Five of the most surreal coronavirus restrictions from the pandemic

Five of the most surreal coronavirus restrictions from the pandemic
Michael Gove fails to describe a 'substantial meal' after grilling from Piers ...

It has been an odd couple of years.

In March 2020, Boris Johnson put the country in a strict national lockdown for three weeks that turned into something more like three or four months, and since then we have moved in and out of lockdowns with different attempts to curb the virus experimented with too.

Without, of course, undermining necessary public health measures, it is fair to say some of the restrictions we have endured have been plain odd when you think about it.

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Here are five of the more surreal coronavirus rules England has faced during the pandemic.

Singing guidance

In the early stages of the pandemic, several outbreaks of Covid were linked to choir rehearsals, the government said.

So in one of the more surreal government publications, people were advised to sing at safe distances and preferably outside.

Then, when the government enacted Plan B measures in December to deal with the spread of the new Omicron variant they said people could remove mandatory indoor masks to sing.

This exemption was made for places of worship but when pressed Downing Street staff confirmed that this loophole could technically be valid in other indoor settings - like a supermarket.

In other - yes there's actually more - singing advice, to encourage people to wash their hands to prevent the spread of the virus and just promote general basic hygiene, Johnson said people should sing the 'happy birthday' song twice to ensure they are doing it for long enough.

His colleague Jacob Rees-Mogg, on the other hand, offered the National Anthem as a fitting tune.

Substantial meals

As the second national lockdown came to an end and the UK was put in fun tiers denoting how plague-ridden their particular region was, pubs in Tier 2 were closed completely unless they served "substantial meals" with alcohol.

This started a huge national debate about what constituted a "substantial meal" and the government allowed local councils to make the call.

In particular, the humble Scotch egg became the symbol of this debate, with ministers and journalists using broadcast time to opine about whether it was a meal or a snack.

Firstly, environment secretary George Eustice said it would do.

The following day his cabinet colleague Michael Gove suggested the Scotch egg could only be a starter but later on insisted: “A Scotch egg is a substantial meal. I myself would definitely scoff a couple of Scotch eggs if I had the chance, but I do recognise that it is a substantial meal.”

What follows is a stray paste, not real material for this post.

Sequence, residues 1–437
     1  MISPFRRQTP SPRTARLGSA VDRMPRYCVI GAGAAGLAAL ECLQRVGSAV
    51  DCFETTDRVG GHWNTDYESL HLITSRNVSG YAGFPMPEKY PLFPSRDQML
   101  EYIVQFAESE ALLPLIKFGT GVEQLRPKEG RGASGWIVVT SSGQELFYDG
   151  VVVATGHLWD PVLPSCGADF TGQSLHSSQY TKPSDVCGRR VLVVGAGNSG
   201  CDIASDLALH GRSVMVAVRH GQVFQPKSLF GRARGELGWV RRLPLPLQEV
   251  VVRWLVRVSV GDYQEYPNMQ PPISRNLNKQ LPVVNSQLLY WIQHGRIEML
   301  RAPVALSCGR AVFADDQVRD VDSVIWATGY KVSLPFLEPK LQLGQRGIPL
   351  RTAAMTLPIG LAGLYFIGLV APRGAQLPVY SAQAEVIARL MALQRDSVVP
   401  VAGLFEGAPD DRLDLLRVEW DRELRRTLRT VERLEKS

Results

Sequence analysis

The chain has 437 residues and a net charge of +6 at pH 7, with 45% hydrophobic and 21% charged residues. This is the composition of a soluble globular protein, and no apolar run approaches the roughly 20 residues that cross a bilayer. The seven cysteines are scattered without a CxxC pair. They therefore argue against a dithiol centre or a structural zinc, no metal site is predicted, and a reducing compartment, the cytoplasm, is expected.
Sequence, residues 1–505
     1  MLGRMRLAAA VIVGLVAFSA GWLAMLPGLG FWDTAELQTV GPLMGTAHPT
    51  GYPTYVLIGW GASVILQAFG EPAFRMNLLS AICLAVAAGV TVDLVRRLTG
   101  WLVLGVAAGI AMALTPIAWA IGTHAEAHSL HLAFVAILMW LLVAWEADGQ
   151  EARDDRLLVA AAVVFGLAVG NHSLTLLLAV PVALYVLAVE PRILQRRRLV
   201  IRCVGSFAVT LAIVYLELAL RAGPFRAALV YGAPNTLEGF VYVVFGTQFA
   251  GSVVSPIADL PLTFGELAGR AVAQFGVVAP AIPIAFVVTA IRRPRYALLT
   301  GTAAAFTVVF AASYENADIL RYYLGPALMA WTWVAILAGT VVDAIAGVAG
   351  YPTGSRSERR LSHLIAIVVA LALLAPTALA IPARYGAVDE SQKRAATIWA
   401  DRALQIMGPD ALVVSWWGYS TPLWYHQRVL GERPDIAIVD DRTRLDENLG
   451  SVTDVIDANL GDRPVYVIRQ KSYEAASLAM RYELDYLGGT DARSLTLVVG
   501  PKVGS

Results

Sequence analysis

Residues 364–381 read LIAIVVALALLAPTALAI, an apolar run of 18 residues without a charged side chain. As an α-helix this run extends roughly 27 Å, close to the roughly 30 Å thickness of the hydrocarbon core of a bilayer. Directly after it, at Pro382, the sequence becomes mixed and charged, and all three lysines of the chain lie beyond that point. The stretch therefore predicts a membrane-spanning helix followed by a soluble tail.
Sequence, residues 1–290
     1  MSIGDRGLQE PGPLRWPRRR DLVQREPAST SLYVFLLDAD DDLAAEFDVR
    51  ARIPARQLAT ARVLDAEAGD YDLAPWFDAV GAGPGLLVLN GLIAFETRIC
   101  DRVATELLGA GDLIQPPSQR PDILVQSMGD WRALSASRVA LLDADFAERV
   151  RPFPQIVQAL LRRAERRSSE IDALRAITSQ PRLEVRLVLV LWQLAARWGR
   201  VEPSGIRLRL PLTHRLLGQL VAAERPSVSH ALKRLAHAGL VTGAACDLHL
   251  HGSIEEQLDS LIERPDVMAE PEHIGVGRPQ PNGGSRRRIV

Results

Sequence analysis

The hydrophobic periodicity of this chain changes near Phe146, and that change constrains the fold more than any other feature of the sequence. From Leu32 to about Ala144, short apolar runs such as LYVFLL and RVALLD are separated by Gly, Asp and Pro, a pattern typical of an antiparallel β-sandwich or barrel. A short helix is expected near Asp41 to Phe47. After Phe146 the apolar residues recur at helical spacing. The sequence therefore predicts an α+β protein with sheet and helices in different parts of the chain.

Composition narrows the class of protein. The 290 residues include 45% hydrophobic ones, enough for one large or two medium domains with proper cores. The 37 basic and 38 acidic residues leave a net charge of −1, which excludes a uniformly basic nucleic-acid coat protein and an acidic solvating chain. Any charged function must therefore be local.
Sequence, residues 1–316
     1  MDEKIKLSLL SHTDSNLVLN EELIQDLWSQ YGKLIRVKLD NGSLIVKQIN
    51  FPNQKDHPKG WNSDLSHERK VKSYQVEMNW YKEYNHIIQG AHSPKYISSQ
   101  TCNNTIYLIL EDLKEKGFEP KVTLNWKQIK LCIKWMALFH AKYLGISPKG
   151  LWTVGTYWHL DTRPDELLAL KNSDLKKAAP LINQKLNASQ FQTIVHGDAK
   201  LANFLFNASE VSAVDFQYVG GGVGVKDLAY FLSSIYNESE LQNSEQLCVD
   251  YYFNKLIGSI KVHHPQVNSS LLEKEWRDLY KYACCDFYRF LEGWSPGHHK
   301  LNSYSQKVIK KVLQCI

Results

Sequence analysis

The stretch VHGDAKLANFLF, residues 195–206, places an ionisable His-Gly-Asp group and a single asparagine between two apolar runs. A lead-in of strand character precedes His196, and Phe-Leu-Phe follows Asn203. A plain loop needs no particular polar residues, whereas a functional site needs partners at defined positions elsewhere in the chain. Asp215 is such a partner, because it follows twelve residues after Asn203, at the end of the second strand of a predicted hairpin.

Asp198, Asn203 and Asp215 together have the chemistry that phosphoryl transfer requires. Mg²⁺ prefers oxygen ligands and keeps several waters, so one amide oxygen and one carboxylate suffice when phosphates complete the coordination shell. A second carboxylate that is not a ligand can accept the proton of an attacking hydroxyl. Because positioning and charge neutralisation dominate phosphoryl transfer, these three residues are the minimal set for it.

Then Matt Hancock weighed in, saying: “A Scotch egg that is served as a substantial meal, that is a substantial meal.”

Normal country.

10 pm curfew

In September 2020, as cases began to rise again for the second time, weeks before the country would end up opting for a second national lockdown, England decided shutting pubs, bars, and restaurants at 10pm would be the best way to deal with Covid.

The policy was ridiculed because people pointed out the idea that Covid is nocturnal and only comes out at night and can't be spread during the day at all is rather ridiculous.

But at the time, the then health secretary Matt Hancock claimed there was "direct and proximate evidence" for the positive impact of the limits on pubs and restaurants, citing a fall in alcohol-related A&E admissions late at night.

However, he conceded the curfew was a "matter of policy choice" rather than driven by scientific advice.

Essential shopping

During all national lockdowns, the government issued guidance to close "non-essential shops". To enforce this, supermarkets and other retailers that sold a mixture of items deemed essential and non-essential shut off parts of their stores selling general items so people couldn't have a browse.

The guidance from the UK government said: "Where a business has sufficiently distinct parts, and one section provides essential retail and one section provides non-essential retail, the non-essential sections should close to limit interactions between customers and the opportunity for the disease to spread.

"Sufficiently distinct sections might involve operating in separate buildings, across separate floors, a door between sections, using separate cashiers, or another clear demarcation between sections.

"For example a food shop may stay open, but a homeware section on a separate floor or separate building should close."

The guidance added that shops were not required to cordon off particular aisles, and that "a business selling a significant amount of essential retail may also continue to sell goods typically sold at non-essential retail" but seeing magazines and clothes roped while nipping out for a pint of milk was quite the sight.

Park bench rules

In the third national lockdown, when people could only go outside for limited and essential reasons like exercise, Priti Patel warned people that if they stopped on a walk and sat on a park bench, they could be moved on by the police.

Speaking on BBC Radio 4's Today Programme, she said: "Throughout this coronavirus pandemic, during the last lockdown, the police have been asking individuals why are they out and about and should they be out and about, when the message right now is stay at home."

Some people thought this was a bit much and police were also criticised during the pandemic for its implementation of other Covid rules, for instance by flying drones and taking photographs shaming people for driving to beauty spots for walks, and fining women on a walk, because the hot drinks they had constituted "a picnic".

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